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Commentary |

Reinventing Type 2 Diabetes:  Pathogenesis, Treatment, and Prevention

Roger H. Unger, MD
JAMA. 2008;299(10):1185-1187. doi:10.1001/jama.299.10.1185.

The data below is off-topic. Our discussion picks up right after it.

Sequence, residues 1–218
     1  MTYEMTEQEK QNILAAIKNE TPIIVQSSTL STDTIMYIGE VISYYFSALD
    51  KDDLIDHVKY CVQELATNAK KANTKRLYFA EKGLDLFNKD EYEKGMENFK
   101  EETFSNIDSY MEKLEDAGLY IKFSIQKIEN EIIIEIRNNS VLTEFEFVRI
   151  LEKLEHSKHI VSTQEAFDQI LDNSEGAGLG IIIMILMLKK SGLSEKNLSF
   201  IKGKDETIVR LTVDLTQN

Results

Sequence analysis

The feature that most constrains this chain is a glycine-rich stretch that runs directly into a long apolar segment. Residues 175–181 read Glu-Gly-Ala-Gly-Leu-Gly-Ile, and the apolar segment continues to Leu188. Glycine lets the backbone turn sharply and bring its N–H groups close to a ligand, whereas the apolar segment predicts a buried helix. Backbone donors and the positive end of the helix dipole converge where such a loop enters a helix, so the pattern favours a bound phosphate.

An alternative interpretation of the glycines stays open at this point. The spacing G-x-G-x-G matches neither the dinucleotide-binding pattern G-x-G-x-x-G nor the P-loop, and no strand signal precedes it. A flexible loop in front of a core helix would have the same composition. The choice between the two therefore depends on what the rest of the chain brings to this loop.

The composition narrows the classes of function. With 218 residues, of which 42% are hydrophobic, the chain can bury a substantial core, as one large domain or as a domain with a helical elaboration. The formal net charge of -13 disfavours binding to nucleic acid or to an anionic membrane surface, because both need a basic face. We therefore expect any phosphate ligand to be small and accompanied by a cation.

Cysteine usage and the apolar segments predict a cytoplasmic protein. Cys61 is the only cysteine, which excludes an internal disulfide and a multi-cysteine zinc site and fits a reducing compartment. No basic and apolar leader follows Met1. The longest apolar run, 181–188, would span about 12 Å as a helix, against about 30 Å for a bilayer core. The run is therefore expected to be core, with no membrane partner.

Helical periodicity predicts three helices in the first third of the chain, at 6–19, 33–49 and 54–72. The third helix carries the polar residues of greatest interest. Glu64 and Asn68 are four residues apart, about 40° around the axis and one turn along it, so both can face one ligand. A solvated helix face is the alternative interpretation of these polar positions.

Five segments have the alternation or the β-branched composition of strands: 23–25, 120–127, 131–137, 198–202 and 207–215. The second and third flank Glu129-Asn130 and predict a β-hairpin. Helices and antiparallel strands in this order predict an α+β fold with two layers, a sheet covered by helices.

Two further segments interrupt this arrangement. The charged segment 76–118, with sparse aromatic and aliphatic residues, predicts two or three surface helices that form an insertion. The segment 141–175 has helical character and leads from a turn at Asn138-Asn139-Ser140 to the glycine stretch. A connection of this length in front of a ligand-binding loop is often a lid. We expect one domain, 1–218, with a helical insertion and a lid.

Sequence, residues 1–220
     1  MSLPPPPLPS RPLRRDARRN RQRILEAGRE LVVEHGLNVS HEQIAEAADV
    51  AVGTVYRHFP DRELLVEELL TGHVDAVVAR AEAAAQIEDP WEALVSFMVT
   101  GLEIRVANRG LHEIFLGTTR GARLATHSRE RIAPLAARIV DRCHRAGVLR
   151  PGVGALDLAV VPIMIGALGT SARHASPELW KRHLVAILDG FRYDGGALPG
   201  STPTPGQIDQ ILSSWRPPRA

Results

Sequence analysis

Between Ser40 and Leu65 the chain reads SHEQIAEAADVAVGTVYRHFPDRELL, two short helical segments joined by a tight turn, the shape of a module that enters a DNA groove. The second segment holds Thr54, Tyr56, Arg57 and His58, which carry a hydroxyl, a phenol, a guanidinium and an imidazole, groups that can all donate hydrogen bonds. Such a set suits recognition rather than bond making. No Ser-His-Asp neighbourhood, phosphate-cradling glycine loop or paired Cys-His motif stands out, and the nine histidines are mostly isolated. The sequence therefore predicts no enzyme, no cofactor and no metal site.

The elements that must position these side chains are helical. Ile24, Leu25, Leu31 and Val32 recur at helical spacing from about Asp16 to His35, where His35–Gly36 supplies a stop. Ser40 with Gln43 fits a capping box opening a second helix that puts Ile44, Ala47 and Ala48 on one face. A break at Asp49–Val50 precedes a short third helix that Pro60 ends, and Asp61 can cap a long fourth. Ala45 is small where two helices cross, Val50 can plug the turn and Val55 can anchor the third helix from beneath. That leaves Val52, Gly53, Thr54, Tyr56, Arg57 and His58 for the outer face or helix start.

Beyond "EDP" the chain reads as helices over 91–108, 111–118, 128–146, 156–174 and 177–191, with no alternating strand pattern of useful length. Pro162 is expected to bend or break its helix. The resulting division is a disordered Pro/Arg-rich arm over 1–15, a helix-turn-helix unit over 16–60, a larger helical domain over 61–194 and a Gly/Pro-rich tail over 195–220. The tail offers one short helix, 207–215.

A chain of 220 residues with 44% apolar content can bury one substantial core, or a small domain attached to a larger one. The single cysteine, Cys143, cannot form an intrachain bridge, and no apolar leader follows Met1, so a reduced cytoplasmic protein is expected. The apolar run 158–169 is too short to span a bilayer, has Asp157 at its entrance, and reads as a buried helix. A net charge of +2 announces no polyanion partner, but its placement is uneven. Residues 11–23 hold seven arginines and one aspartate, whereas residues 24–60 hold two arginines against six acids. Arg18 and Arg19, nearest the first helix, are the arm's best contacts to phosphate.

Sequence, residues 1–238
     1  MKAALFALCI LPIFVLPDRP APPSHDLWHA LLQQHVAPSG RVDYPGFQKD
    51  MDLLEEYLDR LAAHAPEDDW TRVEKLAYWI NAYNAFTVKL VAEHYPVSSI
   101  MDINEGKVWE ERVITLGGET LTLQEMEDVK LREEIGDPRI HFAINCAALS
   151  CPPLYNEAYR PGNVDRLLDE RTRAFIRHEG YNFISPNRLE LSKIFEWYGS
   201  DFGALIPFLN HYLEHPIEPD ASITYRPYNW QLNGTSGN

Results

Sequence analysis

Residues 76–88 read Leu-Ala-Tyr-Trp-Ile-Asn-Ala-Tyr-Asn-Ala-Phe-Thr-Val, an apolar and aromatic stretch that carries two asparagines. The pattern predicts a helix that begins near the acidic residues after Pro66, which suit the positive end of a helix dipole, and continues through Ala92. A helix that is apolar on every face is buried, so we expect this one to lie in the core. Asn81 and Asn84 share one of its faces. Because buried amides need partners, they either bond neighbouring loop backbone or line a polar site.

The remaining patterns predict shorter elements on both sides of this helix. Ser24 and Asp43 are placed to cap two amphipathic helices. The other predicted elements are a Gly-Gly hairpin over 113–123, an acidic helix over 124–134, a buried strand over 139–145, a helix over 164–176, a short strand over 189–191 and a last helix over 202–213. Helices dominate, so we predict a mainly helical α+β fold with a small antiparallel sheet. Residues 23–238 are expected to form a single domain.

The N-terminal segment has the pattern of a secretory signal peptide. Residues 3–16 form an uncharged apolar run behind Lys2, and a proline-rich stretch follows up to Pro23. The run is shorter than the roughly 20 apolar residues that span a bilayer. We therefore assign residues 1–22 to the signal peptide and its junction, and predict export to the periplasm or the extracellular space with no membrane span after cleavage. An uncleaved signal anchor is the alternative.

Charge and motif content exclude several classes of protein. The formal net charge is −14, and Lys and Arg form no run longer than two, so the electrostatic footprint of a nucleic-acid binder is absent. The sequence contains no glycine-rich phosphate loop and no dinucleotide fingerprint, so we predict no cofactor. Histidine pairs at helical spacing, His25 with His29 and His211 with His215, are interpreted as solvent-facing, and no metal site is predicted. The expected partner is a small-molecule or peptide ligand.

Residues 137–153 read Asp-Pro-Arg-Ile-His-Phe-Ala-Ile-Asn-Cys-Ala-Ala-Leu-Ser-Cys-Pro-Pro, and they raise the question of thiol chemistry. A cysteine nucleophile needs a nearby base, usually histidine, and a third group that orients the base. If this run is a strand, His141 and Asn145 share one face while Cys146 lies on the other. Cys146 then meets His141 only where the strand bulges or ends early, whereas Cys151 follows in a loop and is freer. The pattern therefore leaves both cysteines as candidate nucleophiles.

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The conventional glucocentric perspective of type 2 diabetes views hyperglycemia as a primary disease caused by an etiologically uncertain combination of obesity-associated insulin resistance and beta cell loss (a disease of glucose metabolism to be treated with antihyperglycemic agents, including high-dose insulin, if necessary). By contrast, the novel lipocentric view depicts the hyperglycemia of type 2 diabetes, and the underlying insulin resistance and beta cell loss, as being secondary to the metabolic trauma caused by ectopic lipid deposition or lipotoxicity.1 If this is in fact the case, hyperglycemia should be corrected by eliminating the lipid overload. The study by Dixon et al2 provides support for this lipocentric hypothesis, by demonstrating that weight loss that follows gastric banding is accompanied by remission of diabetes in 73% of obese patients with type 2 diabetes. This finding supports 45 years of biochemical, physiological, and clinical research pointing to lipid overload as the underlying cause of this disease and of the other coexisting components of the metabolic syndrome.

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